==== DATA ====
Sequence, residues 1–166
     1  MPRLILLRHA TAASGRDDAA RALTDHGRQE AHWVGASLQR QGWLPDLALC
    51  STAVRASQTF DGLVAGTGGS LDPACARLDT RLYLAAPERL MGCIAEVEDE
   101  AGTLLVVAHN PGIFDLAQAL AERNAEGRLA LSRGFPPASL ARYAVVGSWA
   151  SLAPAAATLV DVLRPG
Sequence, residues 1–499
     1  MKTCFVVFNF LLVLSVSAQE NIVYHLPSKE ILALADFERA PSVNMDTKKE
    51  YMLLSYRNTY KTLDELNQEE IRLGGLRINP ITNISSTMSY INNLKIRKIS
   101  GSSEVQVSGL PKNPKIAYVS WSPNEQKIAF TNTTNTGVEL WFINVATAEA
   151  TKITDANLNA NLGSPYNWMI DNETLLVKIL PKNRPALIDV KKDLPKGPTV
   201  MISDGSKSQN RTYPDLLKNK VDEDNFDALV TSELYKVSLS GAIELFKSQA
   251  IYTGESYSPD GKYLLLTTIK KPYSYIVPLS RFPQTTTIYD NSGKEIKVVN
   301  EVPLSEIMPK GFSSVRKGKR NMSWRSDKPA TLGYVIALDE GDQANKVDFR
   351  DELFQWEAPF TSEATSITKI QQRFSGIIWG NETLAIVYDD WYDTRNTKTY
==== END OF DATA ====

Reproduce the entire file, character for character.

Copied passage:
Sequence, residues 1–166
     1  MPRLILLRHA TAASGRDDAA RALTDHGRQE AHWVGASLQR QGWLPDLALC
    51  STAVRASQTF DGLVAGTGGS LDPACARLDT RLYLAAPERL MGCIAEVEDE
   101  AGTLLVVAHN PGIFDLAQAL AERNAEGRLA LSRGFPPASL ARYAVVGSWA
   151  SLAPAAATLV DVLRPG
Sequence, residues 1–499
     1  MKTCFVVFNF LLVLSVSAQE NIVYHLPSKE ILALADFERA PSVNMDTKKE
    51  YMLLSYRNTY KTLDELNQEE IRLGGLRINP ITNISSTMSY INNLKIRKIS
   101  GSSEVQVSGL PKNPKIAYVS WSPNEQKIAF TNTTNTGVEL WFINVATAEA
   151  TKITDANLNA NLGSPYNWMI DNETLLVKIL PKNRPALIDV KKDLPKGPTV
   201  MISDGSKSQN RTYPDLLKNK VDEDNFDALV TSELYKVSLS GAIELFKSQA
   251  IYTGESYSPD GKYLLLTTIK KPYSYIVPLS RFPQTTTIYD NSGKEIKVVN
   301  EVPLSEIMPK GFSSVRKGKR NMSWRSDKPA TLGYVIALDE GDQANKVDFR
   351  DELFQWEAPF TSEATSITKI QQRFSGIIWG NETLAIVYDD WYDTRNTKTY